The Qur’an is a guide to life for every person and we should give it its due part of our time to learn it and learn from it. When memorising the Qur’an in full or specific surahs to recite in salah, we should make sure to recite it regularly in order to not forget it.

The Prophet (ﷺ) said, “Read the Qur’an regularly. By the One in Whose Hand Muhammad’s soul is, it escapes from memory faster than a camel does from its tying ropes.” (Sahih Muslim)

If we can read Arabic we should read often and consistently making effort to remember it. If you cannot yet read Arabic, I recommend reading this post about how to learn to read Arabic in few weeks, at home at your own pace using Bayyinah TV. Remember there is double the reward for those who read with difficulty. 

The Prophet (ﷺ) said, “Such a person who recites the Qur’an and masters it by heart, will be with the noble righteous scribes (in Heaven). And such a person who exerts himself to learn the Qur’an by heart, and recites it with great difficulty, will have a double reward.” (Sahih Bukhari) 

If you can’t understand Arabic, then reading a translation in order to understand the meaning can also be part of your routine. Even if just a few pages a day. I recommend this English translation by Abdel Haleem. (affiliate link)

8. Maintain and revive kinship

Being distant or estranged from family is a difficult position for anybody to be in. It can happen for many reasons and sometimes these relationships never even formed to begin with. Nonetheless, we are warned never to sever the ties from kinship.

People, be mindful of your Lord, who created you from a single soul, and from it created its mate, and from the pair of them spread countless men and women far and wide; be mindful of God, in whose name you make requests of one another. Beware of severing the ties of kinship: God is always watching over you. (Qur’an 4:1)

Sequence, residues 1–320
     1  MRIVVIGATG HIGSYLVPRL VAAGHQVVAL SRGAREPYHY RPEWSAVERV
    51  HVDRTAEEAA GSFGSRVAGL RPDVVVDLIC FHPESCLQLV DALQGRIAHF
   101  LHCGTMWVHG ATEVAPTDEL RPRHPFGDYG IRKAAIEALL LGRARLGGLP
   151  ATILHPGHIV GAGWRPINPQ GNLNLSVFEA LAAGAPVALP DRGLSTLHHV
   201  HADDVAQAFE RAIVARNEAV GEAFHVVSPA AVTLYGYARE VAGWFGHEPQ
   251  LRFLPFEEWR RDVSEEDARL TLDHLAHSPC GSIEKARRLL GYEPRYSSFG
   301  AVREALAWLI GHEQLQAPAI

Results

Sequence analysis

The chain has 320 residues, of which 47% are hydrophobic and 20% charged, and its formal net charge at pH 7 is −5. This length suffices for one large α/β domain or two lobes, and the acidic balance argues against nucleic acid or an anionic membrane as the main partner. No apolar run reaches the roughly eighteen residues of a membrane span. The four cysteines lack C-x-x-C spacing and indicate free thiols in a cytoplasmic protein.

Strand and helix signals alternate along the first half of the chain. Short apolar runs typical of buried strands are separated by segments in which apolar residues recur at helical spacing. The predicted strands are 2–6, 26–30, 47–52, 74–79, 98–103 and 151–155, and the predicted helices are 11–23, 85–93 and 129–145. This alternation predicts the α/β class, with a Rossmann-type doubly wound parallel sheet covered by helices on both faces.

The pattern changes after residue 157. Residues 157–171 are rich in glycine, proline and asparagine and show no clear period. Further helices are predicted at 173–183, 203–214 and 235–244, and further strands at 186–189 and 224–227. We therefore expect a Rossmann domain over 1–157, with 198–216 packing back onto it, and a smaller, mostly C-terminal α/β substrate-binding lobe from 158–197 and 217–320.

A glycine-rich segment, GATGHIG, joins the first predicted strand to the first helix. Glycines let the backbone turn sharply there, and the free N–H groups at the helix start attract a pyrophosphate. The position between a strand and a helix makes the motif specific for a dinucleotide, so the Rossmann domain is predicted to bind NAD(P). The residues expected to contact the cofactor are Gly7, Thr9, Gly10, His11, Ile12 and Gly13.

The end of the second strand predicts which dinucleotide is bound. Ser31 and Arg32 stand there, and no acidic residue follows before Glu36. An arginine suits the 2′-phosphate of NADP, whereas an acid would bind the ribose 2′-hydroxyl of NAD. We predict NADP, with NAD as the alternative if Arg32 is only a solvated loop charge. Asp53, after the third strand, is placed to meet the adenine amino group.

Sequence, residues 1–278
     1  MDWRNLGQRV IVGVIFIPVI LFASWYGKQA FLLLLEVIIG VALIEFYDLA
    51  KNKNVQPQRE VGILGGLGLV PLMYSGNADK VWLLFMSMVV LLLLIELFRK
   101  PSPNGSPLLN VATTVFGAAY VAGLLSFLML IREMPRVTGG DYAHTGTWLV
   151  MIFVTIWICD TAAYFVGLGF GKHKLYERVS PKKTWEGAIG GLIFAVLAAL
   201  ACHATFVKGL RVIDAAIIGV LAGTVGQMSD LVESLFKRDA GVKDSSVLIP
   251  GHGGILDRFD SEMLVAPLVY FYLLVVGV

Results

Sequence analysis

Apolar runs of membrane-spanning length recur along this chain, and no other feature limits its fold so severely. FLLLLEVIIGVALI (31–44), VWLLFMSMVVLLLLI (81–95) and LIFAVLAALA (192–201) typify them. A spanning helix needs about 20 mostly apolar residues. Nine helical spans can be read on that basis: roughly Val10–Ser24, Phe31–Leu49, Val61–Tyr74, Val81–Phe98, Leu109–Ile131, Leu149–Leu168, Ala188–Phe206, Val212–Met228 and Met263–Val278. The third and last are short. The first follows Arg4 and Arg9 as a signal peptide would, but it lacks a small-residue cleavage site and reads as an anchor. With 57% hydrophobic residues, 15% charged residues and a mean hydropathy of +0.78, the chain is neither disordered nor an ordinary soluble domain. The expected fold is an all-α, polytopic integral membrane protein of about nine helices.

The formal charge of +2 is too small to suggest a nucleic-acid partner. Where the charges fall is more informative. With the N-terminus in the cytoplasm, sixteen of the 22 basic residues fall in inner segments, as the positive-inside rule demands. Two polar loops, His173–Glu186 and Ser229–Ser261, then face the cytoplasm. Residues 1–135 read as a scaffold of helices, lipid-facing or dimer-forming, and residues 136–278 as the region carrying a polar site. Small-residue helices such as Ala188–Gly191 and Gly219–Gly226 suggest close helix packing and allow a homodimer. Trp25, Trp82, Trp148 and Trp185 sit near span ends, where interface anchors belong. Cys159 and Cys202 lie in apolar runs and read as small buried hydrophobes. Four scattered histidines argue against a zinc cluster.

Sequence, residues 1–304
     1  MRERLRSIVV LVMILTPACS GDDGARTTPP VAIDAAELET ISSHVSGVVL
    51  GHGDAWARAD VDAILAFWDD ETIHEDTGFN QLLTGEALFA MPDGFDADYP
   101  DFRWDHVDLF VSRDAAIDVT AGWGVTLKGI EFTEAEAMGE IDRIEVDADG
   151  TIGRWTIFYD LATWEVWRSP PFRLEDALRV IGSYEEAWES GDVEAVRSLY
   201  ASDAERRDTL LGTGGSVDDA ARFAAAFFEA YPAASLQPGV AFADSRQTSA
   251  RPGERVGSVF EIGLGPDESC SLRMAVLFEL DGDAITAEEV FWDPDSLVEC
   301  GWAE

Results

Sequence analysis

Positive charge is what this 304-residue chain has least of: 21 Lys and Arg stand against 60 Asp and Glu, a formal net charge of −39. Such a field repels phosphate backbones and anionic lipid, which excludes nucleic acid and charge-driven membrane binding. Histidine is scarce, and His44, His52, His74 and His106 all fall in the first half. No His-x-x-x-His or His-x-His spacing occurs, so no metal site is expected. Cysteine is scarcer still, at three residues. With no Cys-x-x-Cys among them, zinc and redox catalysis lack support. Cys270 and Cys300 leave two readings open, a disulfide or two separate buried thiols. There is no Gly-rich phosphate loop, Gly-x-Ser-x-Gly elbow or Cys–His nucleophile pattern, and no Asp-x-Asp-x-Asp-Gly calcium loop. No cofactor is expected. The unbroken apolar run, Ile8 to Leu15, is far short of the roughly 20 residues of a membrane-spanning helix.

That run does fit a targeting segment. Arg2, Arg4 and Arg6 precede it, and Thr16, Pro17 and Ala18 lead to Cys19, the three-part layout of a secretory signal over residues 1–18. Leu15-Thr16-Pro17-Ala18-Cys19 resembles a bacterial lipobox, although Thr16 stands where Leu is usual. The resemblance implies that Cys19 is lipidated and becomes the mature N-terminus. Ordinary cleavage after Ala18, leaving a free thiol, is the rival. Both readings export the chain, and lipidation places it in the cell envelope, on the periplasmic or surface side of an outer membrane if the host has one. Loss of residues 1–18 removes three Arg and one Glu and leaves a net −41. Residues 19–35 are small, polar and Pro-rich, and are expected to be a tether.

Family ties and knowing our linage is important in Islam, it’s so integral that we’re instructed to keep our fathers’ names, as Allah says in the Qur’an:

Name your adopted sons after their real fathers: this is more equitable in God’s eyes––if you do not know who their fathers are [they are your] ‘brothers-in-religion’ and proteges. You will not be blamed if you make a mistake, only for what your hearts deliberately intend; God is most forgiving and merciful. (Qur’an 33:5)

We are also told to treat our family well, particularly our parents. 

Your Lord has commanded that you should worship none but Him, and that you be kind to your parents. If either or both of them reach old age with you, say no word that shows impatience with them, and do not be harsh with them, but speak to them respectfully (17:23)

So as challenging as it can be, if we are to follow the instructions of our Lord and examples found in the sunnah we should treat our family well and make efforts to maintain ties with them regardless of our situation, their religion or their characters, in sha Allah. This could be as small a task as making a phone call to a relative who you don’t speak to often and recognise the distance is growing, or it could be defining a more strategic approach for reconciliation with a relative with which there is more complex history.


1. Schedule time for reading dhikr daily

2. Schedule time for reading Qur’an 3 times a week, in Arabic and a language you understand

3. Make contact with a family member who you don’t communicate with often